Last June on my outdoor play tour of London, England, I was really pleased to meet a passionate and dedicated forest school educator who is a realist. She told me: “It’s all fine and well to say there’s no such thing as bad weather, just bad clothing, but that’s just not always true. When you are out in the pouring rain all day, it is really hard. It just is. And you have to accept that.”
In London, all the sites I visited were really well organized for rainy weather. Every centre had drying racks and storage for wellies (rain boots), and many programs had class sets of rain coats, pants and wellies. There were plenty of both open and covered play spaces outdoors to either embrace or take some refuge from the rain. And the true test – when the skies suddenly opened and poured down on my visit to White City Adventure Playground, no one even flinched. The kids kept playing, and frankly, seemed happier once wet.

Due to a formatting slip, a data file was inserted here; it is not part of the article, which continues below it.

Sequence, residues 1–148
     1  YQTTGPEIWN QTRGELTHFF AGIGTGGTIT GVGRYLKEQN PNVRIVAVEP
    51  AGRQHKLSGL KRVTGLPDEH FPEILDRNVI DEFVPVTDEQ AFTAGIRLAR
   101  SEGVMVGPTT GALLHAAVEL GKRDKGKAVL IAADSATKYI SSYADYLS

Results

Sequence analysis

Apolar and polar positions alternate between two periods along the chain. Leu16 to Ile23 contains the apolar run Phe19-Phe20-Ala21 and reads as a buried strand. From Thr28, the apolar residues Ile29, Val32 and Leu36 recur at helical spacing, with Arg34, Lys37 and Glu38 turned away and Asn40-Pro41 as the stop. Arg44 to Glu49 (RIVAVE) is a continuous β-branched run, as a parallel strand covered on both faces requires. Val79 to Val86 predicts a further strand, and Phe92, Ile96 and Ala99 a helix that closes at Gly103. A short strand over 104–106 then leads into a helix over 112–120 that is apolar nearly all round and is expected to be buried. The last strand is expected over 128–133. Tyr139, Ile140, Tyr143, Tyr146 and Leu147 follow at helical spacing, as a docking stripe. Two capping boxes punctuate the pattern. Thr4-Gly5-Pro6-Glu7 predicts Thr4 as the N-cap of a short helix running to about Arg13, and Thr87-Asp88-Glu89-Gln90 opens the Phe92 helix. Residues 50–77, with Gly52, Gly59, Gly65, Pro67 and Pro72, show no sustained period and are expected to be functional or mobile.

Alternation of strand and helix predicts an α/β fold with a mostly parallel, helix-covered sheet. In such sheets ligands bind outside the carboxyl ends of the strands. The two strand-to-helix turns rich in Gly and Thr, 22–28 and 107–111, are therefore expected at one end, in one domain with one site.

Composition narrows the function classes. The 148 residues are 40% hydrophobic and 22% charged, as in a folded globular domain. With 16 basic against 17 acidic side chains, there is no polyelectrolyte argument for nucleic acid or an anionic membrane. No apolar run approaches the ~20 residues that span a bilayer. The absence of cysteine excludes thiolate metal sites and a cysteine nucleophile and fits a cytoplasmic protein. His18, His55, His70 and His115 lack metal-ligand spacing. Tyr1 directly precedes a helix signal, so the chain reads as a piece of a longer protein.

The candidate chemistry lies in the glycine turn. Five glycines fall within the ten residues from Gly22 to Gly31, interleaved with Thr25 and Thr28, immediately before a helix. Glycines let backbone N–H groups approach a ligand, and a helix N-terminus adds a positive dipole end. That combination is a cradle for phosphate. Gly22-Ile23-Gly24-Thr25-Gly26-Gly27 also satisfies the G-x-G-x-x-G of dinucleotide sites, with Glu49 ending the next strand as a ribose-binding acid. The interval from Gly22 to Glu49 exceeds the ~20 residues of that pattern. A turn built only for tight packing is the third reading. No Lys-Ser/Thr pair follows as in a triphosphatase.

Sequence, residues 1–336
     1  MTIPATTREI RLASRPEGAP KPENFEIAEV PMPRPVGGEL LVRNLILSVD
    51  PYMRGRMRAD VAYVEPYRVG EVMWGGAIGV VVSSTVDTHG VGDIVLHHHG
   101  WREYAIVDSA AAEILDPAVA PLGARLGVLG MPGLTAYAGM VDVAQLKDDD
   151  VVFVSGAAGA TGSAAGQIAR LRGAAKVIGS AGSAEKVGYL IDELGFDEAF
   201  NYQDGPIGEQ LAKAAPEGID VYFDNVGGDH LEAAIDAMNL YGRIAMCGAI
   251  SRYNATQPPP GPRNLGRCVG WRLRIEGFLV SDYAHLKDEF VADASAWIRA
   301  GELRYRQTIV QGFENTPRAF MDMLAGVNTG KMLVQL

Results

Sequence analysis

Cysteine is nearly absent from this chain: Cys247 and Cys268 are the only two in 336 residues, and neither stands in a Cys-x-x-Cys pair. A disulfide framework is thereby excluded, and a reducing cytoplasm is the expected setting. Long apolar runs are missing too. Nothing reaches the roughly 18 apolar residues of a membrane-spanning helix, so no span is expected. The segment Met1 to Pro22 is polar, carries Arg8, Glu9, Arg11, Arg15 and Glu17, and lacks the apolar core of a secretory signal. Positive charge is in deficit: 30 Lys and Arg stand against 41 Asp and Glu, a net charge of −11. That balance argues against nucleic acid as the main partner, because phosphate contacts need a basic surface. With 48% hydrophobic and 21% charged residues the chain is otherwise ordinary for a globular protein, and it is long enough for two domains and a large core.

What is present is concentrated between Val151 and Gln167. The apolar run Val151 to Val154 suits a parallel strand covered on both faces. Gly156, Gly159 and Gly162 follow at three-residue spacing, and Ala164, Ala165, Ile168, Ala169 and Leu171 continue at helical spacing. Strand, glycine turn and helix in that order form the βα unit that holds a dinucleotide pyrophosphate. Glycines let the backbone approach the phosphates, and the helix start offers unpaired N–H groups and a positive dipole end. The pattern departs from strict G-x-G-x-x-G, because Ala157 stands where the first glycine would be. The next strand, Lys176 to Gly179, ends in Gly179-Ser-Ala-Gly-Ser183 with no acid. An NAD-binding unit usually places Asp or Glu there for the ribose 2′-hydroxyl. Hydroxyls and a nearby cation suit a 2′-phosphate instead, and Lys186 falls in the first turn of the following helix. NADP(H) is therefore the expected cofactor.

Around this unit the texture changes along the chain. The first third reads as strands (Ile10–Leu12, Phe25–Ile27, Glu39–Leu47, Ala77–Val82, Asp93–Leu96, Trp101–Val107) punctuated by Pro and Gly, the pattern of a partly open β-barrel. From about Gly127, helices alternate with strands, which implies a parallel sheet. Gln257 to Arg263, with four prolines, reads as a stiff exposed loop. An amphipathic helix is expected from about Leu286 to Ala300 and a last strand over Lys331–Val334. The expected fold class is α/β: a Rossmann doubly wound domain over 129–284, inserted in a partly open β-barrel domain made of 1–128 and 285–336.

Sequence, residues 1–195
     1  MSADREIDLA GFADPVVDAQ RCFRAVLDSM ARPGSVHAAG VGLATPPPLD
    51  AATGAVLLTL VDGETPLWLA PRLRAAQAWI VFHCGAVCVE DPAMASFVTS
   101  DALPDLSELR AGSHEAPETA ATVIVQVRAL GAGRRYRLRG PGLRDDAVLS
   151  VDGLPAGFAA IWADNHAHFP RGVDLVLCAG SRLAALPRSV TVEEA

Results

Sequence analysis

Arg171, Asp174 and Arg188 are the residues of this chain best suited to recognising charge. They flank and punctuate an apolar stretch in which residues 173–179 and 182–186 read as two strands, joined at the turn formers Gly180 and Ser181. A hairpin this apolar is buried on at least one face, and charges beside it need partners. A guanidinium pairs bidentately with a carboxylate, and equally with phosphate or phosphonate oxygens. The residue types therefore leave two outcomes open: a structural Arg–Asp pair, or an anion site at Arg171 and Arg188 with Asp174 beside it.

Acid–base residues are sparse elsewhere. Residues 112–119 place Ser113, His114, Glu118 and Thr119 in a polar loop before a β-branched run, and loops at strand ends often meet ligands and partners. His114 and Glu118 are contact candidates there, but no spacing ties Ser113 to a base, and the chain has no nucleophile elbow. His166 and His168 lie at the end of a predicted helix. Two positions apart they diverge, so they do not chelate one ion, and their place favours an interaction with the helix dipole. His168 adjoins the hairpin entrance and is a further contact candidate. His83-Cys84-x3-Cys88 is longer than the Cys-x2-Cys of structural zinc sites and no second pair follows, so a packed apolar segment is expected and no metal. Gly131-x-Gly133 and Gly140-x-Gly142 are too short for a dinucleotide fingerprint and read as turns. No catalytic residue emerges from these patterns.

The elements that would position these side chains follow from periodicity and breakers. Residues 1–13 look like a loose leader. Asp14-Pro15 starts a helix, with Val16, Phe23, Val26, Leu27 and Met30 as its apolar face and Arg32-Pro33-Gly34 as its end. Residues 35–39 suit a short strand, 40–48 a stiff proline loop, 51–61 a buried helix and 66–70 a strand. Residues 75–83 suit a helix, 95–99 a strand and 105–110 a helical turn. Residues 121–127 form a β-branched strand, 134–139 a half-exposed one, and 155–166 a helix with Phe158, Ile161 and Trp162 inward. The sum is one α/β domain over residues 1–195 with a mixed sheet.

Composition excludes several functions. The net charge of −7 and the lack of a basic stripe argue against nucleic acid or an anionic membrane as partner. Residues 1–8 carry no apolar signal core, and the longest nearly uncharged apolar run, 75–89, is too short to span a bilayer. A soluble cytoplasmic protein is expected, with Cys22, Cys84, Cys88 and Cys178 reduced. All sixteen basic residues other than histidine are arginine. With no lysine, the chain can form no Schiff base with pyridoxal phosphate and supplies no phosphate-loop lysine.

I was struck in the early years centres by the continuum from indoor to outdoor play spaces. The approach was to leave the door open between the spaces. Educators staffed distinct play areas indoors and out while the children moved around freely, guided by their interests. In both centres I visited, the children overwhelmingly chose the outdoors even though they had ample options inside.
All the equipment and loose parts outside were left outdoors and were easily accessible to the kids, but these areas were also fenced and closed to the public. In schools, the smaller loose parts supply was housed in sheds that were opened up at lunch hour and then everything was put away again requiring some staff coordination and the cooperation of the kids.
As the April showers usher in the glorious and long awaited Canadian spring, let’s reflect a bit on how we view rain here at home. When was the last time you saw children in Canada frolicking in the rain? In Toronto where I live, we seem to overwhelmingly keep our children indoors when it rains. We spend time and money outfitting kids with rain boots and jackets, but they don’t actually seem to be getting much use out of them. Do we really want our kids to miss the joy and wonder of snails and worms, mud and puddles, and maybe even a good foot soaker?